Demand Reduction Works

GWP wants to spend $500 million on a new expanded methane power plant that will pollute our air and drain our pocketbooks for the next thirty years. They say they need this much larger plant so they can provide power for the peak summertime demand on the hottest  of the hot days of the year. The rest of the year, if they aren’t using it to sell power to other utilities, it will be practically shut down as we have power purchase agreements to import power to cover winter demand.

There is a better way! Reduce peak demand. That way we lower the highest energy demand and don’t need to design a solution for extreme spikes in power consumption that only happens on a few days of the year.

As the old saying goes, the cheapest power plant is the one you don’t have to build because you reduced demand.

Here is the power usage of a home with solar panels (blue) compared to a normal house (black) and an “efficient” house (green).  See how the house’s demand drops to zero all through the summer? That is peak load reduction in operation.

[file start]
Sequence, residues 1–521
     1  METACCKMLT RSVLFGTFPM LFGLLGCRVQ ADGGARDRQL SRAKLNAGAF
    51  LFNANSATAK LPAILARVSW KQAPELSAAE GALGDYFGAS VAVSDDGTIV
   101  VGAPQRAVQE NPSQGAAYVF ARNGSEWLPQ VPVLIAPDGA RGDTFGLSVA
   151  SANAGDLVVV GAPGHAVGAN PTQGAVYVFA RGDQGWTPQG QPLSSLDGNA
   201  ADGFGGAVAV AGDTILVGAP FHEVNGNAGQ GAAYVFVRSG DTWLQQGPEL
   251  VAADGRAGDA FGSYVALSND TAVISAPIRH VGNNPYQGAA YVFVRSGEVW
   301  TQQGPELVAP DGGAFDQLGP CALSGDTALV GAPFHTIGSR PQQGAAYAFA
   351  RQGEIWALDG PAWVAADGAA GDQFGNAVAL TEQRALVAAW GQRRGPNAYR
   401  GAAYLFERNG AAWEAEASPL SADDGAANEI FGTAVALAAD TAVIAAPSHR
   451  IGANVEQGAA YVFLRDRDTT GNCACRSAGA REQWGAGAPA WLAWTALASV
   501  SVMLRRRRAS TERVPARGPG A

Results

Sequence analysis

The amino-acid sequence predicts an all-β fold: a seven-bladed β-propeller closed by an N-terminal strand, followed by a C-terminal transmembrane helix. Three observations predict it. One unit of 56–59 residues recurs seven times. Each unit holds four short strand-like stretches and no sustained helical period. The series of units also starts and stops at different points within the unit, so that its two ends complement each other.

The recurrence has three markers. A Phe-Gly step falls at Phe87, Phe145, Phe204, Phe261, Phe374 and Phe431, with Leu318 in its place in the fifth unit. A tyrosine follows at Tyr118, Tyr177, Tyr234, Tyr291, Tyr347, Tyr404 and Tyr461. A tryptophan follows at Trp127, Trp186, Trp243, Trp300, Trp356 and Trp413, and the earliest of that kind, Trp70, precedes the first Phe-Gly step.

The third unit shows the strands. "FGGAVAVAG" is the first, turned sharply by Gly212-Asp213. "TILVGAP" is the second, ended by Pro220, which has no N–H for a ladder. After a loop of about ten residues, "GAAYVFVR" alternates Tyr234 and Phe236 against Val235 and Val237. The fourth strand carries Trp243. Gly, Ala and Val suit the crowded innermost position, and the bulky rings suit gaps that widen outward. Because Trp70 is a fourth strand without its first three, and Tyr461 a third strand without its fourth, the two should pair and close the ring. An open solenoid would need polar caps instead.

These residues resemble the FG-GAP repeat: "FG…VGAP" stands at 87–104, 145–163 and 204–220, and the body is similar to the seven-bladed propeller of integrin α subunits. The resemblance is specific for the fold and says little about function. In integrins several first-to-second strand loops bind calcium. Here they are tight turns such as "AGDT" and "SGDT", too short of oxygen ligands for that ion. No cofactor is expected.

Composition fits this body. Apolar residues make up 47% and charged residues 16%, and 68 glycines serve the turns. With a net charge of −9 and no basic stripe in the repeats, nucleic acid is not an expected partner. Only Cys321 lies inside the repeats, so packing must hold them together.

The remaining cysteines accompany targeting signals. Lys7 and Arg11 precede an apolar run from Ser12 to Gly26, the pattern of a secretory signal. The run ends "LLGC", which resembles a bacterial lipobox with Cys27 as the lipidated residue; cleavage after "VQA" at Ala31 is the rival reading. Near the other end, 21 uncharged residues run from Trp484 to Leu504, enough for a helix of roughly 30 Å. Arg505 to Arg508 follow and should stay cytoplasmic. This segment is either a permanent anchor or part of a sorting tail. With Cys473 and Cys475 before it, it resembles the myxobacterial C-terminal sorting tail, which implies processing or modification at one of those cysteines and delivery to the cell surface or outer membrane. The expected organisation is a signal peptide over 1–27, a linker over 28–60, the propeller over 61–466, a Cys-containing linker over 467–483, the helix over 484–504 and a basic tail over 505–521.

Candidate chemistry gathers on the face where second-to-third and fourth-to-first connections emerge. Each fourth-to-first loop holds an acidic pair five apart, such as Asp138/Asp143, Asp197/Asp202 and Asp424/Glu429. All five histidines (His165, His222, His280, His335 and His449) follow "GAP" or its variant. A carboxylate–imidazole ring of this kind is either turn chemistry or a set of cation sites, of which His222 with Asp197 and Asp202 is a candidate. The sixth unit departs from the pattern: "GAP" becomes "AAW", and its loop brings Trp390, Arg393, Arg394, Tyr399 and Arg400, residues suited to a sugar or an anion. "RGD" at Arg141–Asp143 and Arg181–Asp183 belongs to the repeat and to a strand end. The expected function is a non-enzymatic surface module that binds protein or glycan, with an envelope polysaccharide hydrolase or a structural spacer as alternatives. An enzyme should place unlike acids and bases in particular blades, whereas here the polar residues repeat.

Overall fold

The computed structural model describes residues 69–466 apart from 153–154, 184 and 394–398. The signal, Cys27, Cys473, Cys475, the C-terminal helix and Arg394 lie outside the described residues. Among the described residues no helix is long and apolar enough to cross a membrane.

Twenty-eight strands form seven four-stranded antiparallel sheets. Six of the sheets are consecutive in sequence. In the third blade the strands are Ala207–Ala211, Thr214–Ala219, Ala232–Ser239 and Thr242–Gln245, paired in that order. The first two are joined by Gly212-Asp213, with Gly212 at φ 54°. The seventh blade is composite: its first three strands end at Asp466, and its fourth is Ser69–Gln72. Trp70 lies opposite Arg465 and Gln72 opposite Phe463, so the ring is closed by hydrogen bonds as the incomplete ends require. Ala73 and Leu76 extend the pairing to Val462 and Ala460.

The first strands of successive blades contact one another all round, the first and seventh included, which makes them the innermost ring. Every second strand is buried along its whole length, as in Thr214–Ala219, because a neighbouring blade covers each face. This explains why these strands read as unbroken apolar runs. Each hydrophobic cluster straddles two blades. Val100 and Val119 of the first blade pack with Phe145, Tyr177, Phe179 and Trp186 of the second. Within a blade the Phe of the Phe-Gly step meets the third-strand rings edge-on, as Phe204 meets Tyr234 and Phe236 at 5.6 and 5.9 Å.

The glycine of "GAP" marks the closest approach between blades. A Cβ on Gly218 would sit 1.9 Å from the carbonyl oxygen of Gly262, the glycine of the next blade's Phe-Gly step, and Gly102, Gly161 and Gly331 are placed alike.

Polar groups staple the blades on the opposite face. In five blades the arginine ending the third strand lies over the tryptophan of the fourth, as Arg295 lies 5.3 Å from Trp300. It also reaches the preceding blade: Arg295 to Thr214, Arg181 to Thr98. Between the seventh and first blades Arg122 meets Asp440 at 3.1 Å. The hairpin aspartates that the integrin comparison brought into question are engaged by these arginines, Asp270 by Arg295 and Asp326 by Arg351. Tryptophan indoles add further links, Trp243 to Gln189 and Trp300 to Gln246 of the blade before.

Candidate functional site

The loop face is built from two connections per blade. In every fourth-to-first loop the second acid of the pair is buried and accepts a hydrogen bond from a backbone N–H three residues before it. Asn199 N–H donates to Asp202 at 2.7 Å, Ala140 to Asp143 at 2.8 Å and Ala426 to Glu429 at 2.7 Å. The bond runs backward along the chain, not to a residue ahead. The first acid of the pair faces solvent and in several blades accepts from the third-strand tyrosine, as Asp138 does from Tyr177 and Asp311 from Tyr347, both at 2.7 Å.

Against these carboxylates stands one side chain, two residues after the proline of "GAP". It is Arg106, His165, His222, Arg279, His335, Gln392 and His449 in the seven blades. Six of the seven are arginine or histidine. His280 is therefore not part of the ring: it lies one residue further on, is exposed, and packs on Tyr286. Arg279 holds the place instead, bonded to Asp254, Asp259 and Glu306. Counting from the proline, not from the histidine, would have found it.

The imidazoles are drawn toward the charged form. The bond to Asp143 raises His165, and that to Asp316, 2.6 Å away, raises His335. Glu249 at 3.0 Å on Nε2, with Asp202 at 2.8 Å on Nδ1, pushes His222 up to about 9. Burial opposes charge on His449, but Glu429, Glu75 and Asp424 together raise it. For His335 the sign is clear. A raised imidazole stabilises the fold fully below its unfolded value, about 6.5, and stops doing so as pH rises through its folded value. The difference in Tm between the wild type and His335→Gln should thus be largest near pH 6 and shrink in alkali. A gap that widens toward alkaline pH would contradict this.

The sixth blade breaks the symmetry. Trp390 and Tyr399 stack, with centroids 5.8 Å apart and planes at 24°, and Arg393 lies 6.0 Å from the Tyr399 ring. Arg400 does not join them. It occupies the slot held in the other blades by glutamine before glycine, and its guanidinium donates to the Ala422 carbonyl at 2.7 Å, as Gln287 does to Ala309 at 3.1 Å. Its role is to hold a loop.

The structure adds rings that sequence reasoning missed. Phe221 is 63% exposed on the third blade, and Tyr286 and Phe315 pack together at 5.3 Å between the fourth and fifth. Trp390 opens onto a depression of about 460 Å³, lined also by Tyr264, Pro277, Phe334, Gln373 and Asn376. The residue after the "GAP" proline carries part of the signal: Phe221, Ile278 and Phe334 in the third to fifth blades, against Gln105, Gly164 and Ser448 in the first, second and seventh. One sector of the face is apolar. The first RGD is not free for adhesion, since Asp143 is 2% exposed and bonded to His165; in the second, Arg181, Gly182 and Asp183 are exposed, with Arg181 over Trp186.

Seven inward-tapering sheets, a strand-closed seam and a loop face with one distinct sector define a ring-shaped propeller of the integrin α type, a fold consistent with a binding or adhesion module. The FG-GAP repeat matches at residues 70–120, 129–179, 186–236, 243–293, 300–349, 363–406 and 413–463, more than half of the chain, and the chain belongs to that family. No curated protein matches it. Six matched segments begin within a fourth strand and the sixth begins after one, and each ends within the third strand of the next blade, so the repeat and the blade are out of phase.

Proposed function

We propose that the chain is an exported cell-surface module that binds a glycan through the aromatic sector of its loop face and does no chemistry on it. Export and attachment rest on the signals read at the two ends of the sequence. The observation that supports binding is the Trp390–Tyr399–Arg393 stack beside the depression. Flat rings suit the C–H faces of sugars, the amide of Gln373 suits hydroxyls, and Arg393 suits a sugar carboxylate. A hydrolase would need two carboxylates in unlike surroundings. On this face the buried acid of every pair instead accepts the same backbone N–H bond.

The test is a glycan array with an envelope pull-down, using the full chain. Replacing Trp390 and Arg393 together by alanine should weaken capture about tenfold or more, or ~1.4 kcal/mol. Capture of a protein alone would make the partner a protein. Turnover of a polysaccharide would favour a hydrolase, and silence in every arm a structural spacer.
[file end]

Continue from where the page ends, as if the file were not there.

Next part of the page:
Power demand for solar powered homes drops to zero in the summer
Demand from the grid for this house drops to zero on the hotest days of the year – that’s when solar is producing the most.

Plus, that house has a plug-in hybrid car, electric hot water, electric oven, electric heating, and inefficient air conditioning! All for $7000 out-of-pocket for solar panels from a Glendale solar installer. The system pays for itself in 5 years from reduced electric bills and it’ll keep powering for 20 years.

Now imagine if half the homes in Glendale had solar panels installed. GWP wouldn’t need to build a $500 million dollar 250MW plant. They could probably get by with the one functional unit (unit 9), landfill gas power, and their existing power contracts. But why stop at half? We can put solar on all the buildings in Glendale and we’ll become a clean energy supplier to LADWP – charging them for our clean energy!

Plus think of all the money that would go into the local economy when people don’t have electric bills to pay anymore.

Google’s Project Sunroof estimates that there is over 450MW of solar potential on Glendale roofs (and they’ve already accounted for trees, roof angles, mountains, etc).

This really is an option.

Unfortunately, Glendale hired as consultants two companies that will make millions on the the construction of a methane plant. They we’re supposed to “help” us figure out how to replace Grayson.  Sure enough, they recommended the path that will give them the most money and saddle Glendale with debt and pollution for 30 years. We need to hire independent renewable energy experts who don’t stand to make money on the outcome. The council needs independent advice.